From mid-March through August, the Teaching Commons at York University saw triple the number of faculty take part in its courses and webinars than the entire previous fiscal year. There is no guarantee the torrent will slow down in the fall semester.
“The level of faculty engagement since mid-March is unprecedented,” said Geneviève Maheux-Pelletier, the director of the Teaching Commons (TC), which is the University’s positive, safe space for faculty, graduate students and staff from across York’s campuses to engage in professional development activities related to any aspect of teaching and learning. “The numbers are quite impressive. It’s amazing.”
The Teaching Commons, which is part of Office of the Associate Vice-President, Teaching & Learning, filled more than 1,600 seats in its courses and webinars during that period and its Going Remote website had more than 35,000 page views, nearly 25,000 of them unique.
“We’re certainly prepared for a flood of inquiries,” said Maheux-Pelletier.
To keep up with the diverse and critical needs for teaching and learning support amidst the shift to remote and online teaching brought about by the COVID-19 pandemic, the Teaching Commons currently relies on a team of seven educational developers and one instructional designer.
“We are fortunate to have a very good team,” said Maheux-Pelletier. “We were able to add two educational developers to our staff and we recruited five peer mentors – professors from various faculties who had championed e-learning prior to COVID-19 – who supported us in delivering courses and creating their own resources.
“We also had two summer students who offered their perspective on how the Teaching Commons supports faculty. In collaboration with Learning Skills Services, which launched a support website for students, these students have adapted a bilingual student guide to remote learning that their professors can upload on their eClass courses.”
The popular Going Remote website, developed jointly with Learning Technology Services, is a comprehensive website that offers faculty and TAs best practice tips, presentation tools and other resources on commonly asked questions about remote and online teaching.
In addition, the Teaching Commons offered a number of different courses during the summer to prepare faculty for remote teaching, something that wasn’t possible in the rush to finish out the winter semester online.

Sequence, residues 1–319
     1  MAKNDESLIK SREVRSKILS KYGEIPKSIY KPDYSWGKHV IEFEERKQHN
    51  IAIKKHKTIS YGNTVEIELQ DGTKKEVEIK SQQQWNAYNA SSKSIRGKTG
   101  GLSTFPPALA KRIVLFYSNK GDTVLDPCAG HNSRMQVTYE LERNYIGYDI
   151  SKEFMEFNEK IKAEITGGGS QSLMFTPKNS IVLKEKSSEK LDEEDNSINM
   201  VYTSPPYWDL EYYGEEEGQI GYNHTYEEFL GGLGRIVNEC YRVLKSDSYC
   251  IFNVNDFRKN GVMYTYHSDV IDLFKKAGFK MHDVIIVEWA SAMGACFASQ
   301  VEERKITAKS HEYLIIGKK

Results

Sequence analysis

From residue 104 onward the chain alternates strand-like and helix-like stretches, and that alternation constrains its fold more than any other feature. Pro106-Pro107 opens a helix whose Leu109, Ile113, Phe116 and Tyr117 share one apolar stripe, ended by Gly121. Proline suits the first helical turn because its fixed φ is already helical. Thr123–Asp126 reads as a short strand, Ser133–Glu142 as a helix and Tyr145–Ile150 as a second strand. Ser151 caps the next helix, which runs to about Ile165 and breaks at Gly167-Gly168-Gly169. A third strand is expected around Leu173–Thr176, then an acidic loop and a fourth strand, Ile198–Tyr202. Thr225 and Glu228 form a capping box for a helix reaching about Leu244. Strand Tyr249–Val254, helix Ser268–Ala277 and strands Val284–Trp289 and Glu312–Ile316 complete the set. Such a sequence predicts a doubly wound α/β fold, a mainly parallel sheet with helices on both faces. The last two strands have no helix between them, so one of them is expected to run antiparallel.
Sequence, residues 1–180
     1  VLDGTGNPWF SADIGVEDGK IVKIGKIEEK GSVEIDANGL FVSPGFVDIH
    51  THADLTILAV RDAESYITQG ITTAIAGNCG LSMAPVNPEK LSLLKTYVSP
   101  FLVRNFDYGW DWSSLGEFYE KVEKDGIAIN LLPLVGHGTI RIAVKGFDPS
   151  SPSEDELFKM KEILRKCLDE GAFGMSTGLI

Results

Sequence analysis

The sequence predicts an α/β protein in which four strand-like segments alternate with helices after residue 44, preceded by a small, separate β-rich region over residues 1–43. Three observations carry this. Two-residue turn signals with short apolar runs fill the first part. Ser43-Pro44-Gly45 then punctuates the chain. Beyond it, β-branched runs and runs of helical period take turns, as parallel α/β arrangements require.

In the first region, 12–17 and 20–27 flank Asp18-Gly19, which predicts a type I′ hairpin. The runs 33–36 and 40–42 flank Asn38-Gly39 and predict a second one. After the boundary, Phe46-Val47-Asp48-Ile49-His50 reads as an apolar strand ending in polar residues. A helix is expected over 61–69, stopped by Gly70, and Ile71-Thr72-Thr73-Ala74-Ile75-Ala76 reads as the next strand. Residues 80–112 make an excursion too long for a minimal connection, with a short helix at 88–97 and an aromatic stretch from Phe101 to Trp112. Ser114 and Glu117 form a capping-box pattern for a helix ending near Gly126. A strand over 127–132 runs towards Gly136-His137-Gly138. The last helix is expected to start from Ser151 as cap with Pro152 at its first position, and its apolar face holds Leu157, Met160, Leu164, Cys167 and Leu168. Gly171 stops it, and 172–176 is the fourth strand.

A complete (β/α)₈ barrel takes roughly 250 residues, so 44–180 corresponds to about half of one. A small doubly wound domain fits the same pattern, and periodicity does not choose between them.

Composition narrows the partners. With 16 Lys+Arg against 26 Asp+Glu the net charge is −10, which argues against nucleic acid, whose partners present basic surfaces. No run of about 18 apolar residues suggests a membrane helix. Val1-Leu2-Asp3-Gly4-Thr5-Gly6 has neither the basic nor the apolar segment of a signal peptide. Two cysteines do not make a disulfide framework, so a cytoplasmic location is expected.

“We have had to be creative to meet the needs of faculty,” said Maheux-Pelletier. “We wanted to keep enrolment low for some of our courses so the quality of the interaction would be good. We balanced this with asynchronous offerings that can accommodate a larger number of instructors.”
For faculty new to remote course delivery, the staff taught a two-week course, Instructional Skills for Remote Delivery, which helped faculty improve their remote teaching skills as they designed and conducted two online lessons and received reflective verbal, written and video feedback from the other course participants. The University supported the delivery of this course by providing funding for 350 contract faculty members from CUPE 3903 to attend.
There was also a series of weekly webinars addressing remote learning topics, co-hosted by a faculty member and a TC educational developer.
Faculty with more experience in remote course delivery had the opportunity to earn a Certificate of Proficiency in Teaching for eLearning through a series of five online courses focused on the practical pedagogy of eLearning.
“The courses take place on eClass, which is useful, since students are using eClass and Zoom to learn during the semester,” said Maheux-Pelletier.
For those ready to convert a course into a fulsome eLearning experience, TC offered the BOLD Institute: 24 hours of sessions devoted to the process of course design for eLearning, culminating in the conceptual design and hands-on development of an eLearning module/lesson optimized for eClass.
More than 600 people participated in one or more TC courses, and they will be offered again this fall, along with workshops on other topics, all are available on the Teaching Commons calendar, and ongoing support for teaching assistants, including an online guide tailored to their remote teaching needs. Maheux-Pelletier said the Teaching Commons will also continue to support recipients of Academic Innovation Fund grants.
“We’ve had a great response to our offerings, which is really gratifying,” said Maheux-Pelletier. “Everyone is being diligent about doing a good job with remote course delivery.”
By Elaine Smith, special contributing writer to Innovatus